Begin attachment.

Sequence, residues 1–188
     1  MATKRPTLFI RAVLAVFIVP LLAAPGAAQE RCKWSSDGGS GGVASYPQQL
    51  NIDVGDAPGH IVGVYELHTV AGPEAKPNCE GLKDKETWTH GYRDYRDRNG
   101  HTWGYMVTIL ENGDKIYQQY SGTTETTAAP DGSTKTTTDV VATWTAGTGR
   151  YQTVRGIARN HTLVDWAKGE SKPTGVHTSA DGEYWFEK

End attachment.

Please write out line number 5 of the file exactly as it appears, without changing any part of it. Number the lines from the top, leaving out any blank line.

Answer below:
   151  YQTVRGIARN HTLVDWAKGE SKPTGVHTSA DGEYWFEK